If you have watched the Transformers movie, then you must be well aware of how the cars and other vehicles used to shapeshift into a robot in order the save the world. Now, the reel life incident might change into a real-life existence. According to a report, the U.S. Army will be deploying shape-changing drones during a mission. In the movie, you have seen how effortlessly the vehicles change their shapes to robots and then fold back into a secretive machine. The researchers have found out that this technology is being used by the US military for vertical lift vehicles such as drones and UAVs that can change shape during the middle of a flight.
As per the report the researchers with the U.S. Army’s Combat Capabilities Development Command’s Army Research Laboratory and Texas A&M University have published discoveries in a two-year study in fluid-structure interaction. During their research, they found out a tool that will be capable of improving the structural pattern for Future Vertical Lift vehicles while properly accounting for the interaction between air and the structure.
It is suggested that in the coming year this tool will be used to develop and quickly improve Future Vertical Lift vehicles skilled of shifting form during flight, by this means enhancing the enactment of the vehicle through multiple stages of flying.
An aerospace engineer at the laboratory, Dr. Francis Phillips said “Consider an (Intelligence, Surveillance and Reconnaissance) mission where the vehicle needs to get quickly to the station, or dash, and then attempt to stay on station for as long as possible, or loiter.” He further added, “During dash segments, short wings are desirable in order to go fast and be more manoeuvrable, but for loitering segments, long wings are desirable in order to enable low power, high endurance flight.”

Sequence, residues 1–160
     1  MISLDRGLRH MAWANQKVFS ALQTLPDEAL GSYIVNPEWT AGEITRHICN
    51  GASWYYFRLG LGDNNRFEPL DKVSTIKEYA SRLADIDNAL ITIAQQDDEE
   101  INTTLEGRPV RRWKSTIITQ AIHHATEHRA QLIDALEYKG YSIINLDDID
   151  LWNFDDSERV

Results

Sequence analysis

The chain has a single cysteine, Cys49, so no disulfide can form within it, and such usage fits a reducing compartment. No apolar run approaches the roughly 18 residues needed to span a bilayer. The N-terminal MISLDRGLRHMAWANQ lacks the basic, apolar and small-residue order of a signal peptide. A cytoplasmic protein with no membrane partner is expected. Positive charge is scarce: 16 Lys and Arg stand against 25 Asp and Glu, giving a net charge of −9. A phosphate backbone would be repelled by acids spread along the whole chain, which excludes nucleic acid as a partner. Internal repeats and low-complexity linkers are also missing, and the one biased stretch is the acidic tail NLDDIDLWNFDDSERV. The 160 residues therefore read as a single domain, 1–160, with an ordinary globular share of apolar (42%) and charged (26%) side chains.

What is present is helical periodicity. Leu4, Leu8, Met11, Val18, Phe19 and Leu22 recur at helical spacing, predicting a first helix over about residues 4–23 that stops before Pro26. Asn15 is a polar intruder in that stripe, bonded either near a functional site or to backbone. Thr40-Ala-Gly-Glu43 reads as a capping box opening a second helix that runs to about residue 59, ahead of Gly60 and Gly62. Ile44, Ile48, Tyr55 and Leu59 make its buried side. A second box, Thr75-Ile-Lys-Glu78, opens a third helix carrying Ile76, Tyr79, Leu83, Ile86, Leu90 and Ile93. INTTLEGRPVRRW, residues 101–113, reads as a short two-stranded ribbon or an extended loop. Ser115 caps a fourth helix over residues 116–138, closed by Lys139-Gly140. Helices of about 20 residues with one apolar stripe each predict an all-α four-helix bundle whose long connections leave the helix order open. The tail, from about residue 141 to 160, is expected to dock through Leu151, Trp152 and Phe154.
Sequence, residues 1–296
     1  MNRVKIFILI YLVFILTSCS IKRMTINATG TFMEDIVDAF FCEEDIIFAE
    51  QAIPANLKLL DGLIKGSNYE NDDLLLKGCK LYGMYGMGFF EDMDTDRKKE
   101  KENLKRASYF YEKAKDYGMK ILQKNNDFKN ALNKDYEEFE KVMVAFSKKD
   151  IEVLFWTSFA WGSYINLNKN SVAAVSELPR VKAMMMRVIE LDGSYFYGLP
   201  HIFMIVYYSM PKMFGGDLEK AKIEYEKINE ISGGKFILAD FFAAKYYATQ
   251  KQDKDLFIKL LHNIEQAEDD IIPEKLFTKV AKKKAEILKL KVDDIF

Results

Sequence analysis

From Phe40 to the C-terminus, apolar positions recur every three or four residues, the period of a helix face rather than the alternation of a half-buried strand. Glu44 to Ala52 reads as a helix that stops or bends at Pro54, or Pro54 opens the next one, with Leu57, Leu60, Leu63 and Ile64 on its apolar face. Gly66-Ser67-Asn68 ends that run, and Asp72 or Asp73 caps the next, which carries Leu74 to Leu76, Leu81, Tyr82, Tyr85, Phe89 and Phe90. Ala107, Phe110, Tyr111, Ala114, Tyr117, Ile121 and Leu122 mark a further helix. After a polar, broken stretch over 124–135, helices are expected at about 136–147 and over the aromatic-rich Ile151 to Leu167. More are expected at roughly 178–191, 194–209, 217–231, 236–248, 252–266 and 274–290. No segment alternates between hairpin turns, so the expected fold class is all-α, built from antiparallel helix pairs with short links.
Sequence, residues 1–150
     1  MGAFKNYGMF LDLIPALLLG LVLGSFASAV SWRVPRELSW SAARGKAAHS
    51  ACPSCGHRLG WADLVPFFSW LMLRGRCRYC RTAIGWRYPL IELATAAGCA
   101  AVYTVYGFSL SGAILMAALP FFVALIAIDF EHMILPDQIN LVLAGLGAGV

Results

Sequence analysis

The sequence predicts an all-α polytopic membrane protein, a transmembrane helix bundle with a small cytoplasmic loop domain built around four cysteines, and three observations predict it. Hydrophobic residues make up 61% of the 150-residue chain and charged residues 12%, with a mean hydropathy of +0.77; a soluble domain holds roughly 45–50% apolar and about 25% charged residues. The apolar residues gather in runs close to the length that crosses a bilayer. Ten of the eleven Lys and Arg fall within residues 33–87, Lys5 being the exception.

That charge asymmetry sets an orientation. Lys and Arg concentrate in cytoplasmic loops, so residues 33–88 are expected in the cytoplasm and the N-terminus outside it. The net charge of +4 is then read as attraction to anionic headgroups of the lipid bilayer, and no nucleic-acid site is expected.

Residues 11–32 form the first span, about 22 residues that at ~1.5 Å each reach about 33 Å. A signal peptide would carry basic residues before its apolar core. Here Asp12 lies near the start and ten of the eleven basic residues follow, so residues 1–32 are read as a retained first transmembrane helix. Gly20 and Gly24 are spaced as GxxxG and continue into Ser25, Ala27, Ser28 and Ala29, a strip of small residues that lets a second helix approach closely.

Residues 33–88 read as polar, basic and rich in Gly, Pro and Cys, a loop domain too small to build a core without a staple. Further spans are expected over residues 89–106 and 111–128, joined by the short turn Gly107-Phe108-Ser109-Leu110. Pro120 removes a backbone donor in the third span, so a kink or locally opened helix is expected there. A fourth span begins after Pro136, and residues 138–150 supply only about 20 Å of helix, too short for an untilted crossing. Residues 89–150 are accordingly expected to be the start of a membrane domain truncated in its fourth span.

Moreover, the tool will also allow the structural optimization of a vehicle will be equipped for such transformation while accounting for the distortion of the wings due to the fluid-structure interaction, he explained. According to him one problem with morphing vehicles is striking a balance between sufficient bending stiffness and softness to enable morphing, He said if the wing bends too much, then the theoretical benefits of the morphing could be negated and also could lead to control issues and instabilities. So to get the better of the researchers has developed a process that decouples the fluid and structural solvers, which can bring down the computational cost for a single run by as much as 80 percent.
The report says that “the analysis of additional structural configurations can also be performed without re-analyzing the fluid due to this decoupled approach, which in turn generates additional computational cost savings, leading to multiple orders of magnitude reductions in computational cost when considering this method within an optimization framework.”
In due course, the U.S. Army will be able to design the model more quickly than through the use of current techniques. Philips is confident that when this technique is applied within an optimization framework and together with additive manufacturing, the future warfighter will be capable of using this tool to construct optimized custom air vehicles according to the mission’s requirements.
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